Winning by Outlasting
The United States and Ukrainian Resistance to Russia
Marc R. DeVore
Andrew Orr, PhD
Ash Rossiter, PhD
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The failure of Russia’s plan to quickly win the war in Ukraine and topple the country’s democratically elected government by occupying Kyiv and other major cities has opened strategic possibilities, including a long-term war of attrition that most strategists did not anticipate before Russia’s expanded invasion. Nevertheless, the Russian invasion still poses an existential threat to Ukraine. Russia retains large reserves of equipment and munitions and can mobilize far more troops than it has thus far committed. The invasion and continuing conflict also challenge NATO deterrence and European security more broadly. The threat of economic sanctions—even massive ones—failed to deter Russia’s invasion, as such threats have failed to deter aggression in the past.1 Since the war began, sanctions are clearly already punishing Russia’s economy, but show no signs of compelling President Vladimir Putin to withdraw from Ukraine.
Despite the Ukrainian government and military’s heroic resistance, an outright military victory for Ukraine appears impossible. Russian forces are making important gains in the south and show no sign of being forced to withdraw from Ukraine. Only NATO military intervention can drive the Russians out of Ukraine quickly, but direct intervention would place nuclear-equipped militaries into conflict and precipitate a general war in eastern Europe, the consequences of which are hard to predict and extraordinarily dangerous. In addition, Putin has threatened to widen the war and even use nuclear weapons if the United States or its NATO allies increase support for Ukraine. NATO—for perfectly good reasons—has been more fearful of Putin’s threats of escalation to the nuclear level than Putin has shown himself of NATO. In effect, the United States has ceded escalation dominance by allowing Russia to control intrawar deterrence.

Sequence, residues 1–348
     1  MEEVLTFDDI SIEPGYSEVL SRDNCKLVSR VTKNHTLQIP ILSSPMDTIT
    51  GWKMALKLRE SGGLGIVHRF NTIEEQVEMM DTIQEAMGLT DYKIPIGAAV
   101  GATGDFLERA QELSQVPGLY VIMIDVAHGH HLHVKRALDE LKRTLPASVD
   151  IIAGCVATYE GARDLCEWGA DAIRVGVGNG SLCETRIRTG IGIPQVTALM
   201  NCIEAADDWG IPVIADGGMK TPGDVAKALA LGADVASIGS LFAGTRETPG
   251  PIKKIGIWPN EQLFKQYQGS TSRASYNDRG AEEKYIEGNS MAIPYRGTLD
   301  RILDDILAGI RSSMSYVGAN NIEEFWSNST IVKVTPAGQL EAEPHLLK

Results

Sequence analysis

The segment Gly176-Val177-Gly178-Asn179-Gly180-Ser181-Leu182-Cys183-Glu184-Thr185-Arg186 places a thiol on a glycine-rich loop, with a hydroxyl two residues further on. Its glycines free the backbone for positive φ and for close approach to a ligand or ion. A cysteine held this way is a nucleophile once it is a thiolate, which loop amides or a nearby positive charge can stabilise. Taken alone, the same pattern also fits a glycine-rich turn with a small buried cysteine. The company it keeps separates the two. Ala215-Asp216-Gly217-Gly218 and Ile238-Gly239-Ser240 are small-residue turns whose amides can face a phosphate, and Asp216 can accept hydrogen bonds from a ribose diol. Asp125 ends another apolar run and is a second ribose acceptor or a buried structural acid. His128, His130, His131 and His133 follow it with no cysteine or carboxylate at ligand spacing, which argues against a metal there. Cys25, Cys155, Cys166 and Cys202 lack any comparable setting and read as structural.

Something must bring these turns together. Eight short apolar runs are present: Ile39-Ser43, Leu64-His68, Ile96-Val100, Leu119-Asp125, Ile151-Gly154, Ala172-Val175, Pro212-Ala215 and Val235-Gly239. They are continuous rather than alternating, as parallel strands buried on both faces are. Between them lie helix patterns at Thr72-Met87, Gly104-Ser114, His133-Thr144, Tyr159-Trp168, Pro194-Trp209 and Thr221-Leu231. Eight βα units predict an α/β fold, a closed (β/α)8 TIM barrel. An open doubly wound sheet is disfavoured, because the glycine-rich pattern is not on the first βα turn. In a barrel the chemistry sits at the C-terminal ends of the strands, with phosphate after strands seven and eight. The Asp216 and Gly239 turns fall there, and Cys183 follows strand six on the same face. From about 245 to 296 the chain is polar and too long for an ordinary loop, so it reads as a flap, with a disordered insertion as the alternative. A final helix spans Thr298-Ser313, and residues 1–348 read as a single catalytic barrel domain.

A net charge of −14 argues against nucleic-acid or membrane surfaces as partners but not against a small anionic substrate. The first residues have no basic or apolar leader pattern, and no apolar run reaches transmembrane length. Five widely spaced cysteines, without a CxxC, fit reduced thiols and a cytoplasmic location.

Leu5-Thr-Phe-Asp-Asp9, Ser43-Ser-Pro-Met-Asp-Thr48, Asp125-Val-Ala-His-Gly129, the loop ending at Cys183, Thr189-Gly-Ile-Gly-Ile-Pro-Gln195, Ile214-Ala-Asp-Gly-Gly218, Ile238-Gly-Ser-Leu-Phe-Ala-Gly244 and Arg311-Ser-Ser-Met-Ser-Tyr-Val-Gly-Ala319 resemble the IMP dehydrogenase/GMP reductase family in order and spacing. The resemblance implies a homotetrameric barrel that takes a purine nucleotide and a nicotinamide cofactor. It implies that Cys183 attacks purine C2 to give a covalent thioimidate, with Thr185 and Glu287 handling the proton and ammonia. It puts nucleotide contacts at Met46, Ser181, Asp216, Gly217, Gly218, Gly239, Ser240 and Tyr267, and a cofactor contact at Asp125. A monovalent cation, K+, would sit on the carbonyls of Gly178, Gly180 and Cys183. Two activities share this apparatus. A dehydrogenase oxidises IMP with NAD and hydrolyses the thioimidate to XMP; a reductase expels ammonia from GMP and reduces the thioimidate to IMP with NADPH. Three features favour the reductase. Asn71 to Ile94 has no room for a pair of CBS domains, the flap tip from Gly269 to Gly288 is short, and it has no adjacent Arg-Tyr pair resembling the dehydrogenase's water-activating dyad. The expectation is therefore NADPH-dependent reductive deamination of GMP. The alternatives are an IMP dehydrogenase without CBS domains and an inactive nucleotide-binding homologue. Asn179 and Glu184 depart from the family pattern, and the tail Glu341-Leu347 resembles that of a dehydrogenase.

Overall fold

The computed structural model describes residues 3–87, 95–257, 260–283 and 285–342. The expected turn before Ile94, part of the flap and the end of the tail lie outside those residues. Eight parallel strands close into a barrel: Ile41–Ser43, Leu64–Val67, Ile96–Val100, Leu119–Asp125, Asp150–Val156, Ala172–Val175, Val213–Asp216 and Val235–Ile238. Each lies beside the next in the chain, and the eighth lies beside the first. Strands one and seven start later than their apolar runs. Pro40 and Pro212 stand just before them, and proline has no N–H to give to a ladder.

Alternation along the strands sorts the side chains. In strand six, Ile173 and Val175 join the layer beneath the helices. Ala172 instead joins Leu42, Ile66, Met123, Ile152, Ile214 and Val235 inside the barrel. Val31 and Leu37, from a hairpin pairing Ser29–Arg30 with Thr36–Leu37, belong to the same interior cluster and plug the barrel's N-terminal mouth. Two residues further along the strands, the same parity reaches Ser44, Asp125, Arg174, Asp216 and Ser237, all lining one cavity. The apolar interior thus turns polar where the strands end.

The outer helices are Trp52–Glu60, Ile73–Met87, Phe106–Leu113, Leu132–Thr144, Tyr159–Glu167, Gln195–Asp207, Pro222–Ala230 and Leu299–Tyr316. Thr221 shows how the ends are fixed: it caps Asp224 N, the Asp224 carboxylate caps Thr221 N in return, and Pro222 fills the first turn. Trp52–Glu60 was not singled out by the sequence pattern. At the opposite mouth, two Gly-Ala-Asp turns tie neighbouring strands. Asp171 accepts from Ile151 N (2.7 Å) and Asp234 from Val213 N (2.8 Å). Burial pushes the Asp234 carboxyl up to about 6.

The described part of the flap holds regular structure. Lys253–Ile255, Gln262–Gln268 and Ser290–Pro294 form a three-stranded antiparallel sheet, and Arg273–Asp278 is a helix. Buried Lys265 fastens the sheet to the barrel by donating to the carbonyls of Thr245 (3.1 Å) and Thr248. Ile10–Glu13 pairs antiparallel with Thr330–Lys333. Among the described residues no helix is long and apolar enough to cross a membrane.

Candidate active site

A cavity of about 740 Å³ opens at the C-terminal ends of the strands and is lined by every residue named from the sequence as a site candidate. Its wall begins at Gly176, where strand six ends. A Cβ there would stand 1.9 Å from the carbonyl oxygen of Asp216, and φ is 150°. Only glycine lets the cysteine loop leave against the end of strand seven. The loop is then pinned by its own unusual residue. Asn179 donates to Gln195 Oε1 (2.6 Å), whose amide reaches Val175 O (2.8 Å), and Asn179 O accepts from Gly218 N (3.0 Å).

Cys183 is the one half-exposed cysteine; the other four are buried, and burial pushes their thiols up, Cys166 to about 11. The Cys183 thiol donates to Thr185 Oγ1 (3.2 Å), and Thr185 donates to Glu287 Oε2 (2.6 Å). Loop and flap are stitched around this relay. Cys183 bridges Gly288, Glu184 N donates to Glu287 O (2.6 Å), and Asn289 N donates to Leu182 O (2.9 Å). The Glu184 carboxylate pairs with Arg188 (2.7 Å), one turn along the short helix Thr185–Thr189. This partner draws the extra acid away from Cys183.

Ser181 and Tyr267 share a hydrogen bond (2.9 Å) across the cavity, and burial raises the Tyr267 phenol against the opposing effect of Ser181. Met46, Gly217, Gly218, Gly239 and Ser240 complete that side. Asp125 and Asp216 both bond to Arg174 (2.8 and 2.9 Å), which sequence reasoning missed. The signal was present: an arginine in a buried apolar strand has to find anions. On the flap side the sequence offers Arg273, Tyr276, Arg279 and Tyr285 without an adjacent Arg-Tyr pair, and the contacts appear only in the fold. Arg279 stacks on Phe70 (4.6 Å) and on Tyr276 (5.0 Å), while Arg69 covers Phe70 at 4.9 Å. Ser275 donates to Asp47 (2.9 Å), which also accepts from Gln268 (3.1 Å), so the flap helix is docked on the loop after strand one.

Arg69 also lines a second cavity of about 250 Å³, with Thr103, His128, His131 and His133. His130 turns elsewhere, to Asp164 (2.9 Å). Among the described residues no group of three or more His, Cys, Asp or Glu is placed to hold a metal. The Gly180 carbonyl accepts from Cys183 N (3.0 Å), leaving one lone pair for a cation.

NATO is heading toward a position that will be increasingly hard to justify, domestically or morally, as its members express solidarity with Ukraine but take very limited military action in its support. NATO’s quandary will become increasingly acute as Russia forces escalate the battle of Kyiv using the tactics they are employing in the siege of Mariupol. As the war drags on, supporting Ukraine will require the United States and its NATO allies to be creative and accept a level of risk to make sure Ukrainian forces have the equipment and munitions they need to continue to resist Russia. Washington can do this by looking to history for examples of ways to extend Ukraine’s resistance short of committing their own military forces.
The United States can help Ukraine’s government show Russian leaders that it can keep the Ukrainian military in the field for much longer than they had imagined. The longer Ukraine resists, the more effect sanctions will have on Russia’s economy. The combination of deepening economic pain, high casualties, and a war with no end in sight will maximize the pressure on Putin to seek a negotiated settlement. A strong and stable Ukrainian resistance will also shift the balance of power in negotiations toward the Ukrainians by reducing their need to make major concessions for a quick cease-fire.
NATO and the United States need military options that allow them to challenge Russia’s escalatory dominance, further bleed Russian forces, and give Ukraine a realistic chance of surviving a long war as an independent state that controls its own political, economic, and cultural life. Military actions can demonstrate NATO’s willingness to act beyond economic sanctions and light defensive weapons, helping to restore a deterrent capability that seems to have all but collapsed. Those options, however, must be chosen with great care given the risks of escalation. Western leaders should empower the Ukrainian armed forces by extending their material and political means of resistance without directly engaging Russian forces. By avoiding overt acts of military intervention, Western leaders can deny Putin the ability to effectively use the threat of Russian escalation to publicly deter their military actions.